In January 2004, defendant requested further information from Dr. Haber regarding plaintiff's condition. Defendant also requested that plaintiff complete a supplemental questionnaire regarding any medical treatments between October 1, 2002 and December 31, 2002. Dr. Haber's response stated that in an eight hour work day plaintiff could engage in " 1/4 hours sedentary activity" defined as " 10 lbs. maximum lifting or carrying articles. Walking/standing on occasion. Sitting 6/8 hours." Dr. Haber opined that her recovery would take " at best 6 months." (AR 142-43.) Plaintiff's supplemental questionnaire stated she had not consulted a doctor, clinic or hospital and had not taken medication during the relevant period. (AR 135-139.)

By letter dated February 4, 2004, defendant requested that plaintiff sign a HIPAA authorization form for release of her medical records. According to the claim file, plaintiff called and informed defendant's representative that she was not comfortable signing the form and asked if she could cross out sections she did not like. She was advised that she could not alter the form. She was advised of two options available " she either needed to sign an unaltered form or send in that letter indicating no treatment at all." (AR 173.) Plaintiff returned a signed authorization dated February 11, 2004 on which she wrote " This authorization is valid for pharmacy records between July 29, 2002 through January 29, 2003 only." (AR 176 (emphasis in original).)

In or about February 2004, First Unum approved payment of benefits to plaintiff under a reservation of rights. (AR 165, 195.)

Thereafter, First Unum received additional information from Dr. Haber, dated March 15, 2004 which stated that plaintiff had " difficulty walking for long periods of time or standing; " " cannot work at this time; no bending/squatting." (AR 197) It also received a supplemental statement from plaintiff, dated March 22, 2004, stating that she " cannot walk or stand on my feet for an extended period of time; " she is in " constant pain, with severe redness, swelling and burning" ; and she is " severely limited in all physical activities and ambulation and cannot wear shoes." (AR 207.)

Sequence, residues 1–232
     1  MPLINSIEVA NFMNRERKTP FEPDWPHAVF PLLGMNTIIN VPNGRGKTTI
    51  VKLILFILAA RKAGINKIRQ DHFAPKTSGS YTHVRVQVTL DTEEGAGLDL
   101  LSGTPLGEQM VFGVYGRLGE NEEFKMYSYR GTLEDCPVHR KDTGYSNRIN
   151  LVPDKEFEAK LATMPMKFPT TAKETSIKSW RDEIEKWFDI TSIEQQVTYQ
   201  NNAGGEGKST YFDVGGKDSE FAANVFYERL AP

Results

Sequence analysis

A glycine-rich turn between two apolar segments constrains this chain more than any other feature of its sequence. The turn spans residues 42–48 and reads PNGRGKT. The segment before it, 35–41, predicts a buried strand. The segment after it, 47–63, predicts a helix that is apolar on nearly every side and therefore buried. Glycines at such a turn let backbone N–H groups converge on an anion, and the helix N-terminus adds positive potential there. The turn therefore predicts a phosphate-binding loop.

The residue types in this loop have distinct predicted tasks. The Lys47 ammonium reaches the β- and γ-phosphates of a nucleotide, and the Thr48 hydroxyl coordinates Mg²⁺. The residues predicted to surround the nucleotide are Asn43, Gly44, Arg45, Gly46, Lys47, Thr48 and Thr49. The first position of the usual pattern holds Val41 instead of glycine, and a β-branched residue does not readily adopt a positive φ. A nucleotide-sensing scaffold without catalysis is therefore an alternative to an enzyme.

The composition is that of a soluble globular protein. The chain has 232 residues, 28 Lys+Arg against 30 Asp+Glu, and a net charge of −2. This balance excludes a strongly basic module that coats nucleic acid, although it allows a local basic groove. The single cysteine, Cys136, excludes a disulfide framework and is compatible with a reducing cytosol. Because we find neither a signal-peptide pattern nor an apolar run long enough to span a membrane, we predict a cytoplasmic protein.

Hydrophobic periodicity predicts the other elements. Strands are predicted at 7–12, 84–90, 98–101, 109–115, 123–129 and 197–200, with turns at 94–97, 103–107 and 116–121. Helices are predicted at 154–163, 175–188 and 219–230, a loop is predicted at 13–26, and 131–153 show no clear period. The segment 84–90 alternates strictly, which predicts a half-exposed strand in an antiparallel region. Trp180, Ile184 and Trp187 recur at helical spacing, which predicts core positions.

In a letter dated March 30, 2004, defendant wrote to plaintiff that it needed an updated certification but could not request the required information from her physician because she had not supplied a signed authorization to request medical records. The letter enclosed an authorization for records from January 1, 2004 to present and requested it be signed and returned and warned that if plaintiff " did not wish to sign the authorization than it was [her] responsibility to provide [First Unum] with all of the medical information needed to support [her] claim for ongoing benefits." (AR 222-223.) In response plaintiff advised she was going to ask the doctor's office to fax over all the current office visit notes. After receipt of treatment notes for February and March 2004, defendant's representative called the doctor's office and inquired whether the notes were transcribed as the handwritten ones could not be read. The doctor's office responded that they were not transcribed but the doctor would return the call. (AR 229.) Defendant's call log indicates that Dr. Haber called back and the notes of that call indicate that Dr. Haber has been treating plaintiff for the implant for 15 years and plaintiff has always had a problem with healing; Dr Haber estimated an improvement or another surgery within the next six months. (AR 232-33.)

At its request, defendant received further treatment notes of Dr. Haber first through June 16, 2004 and then again through July 23, 2004. After the receipt of the latter, the record indicates that vocationally, there was a need to clarify the physical demands of plaintiff's occupation as she indicated she is on her feet all day long and once there was a clarification the attending physician should be asked to clarify functional capacity. (AP 285.)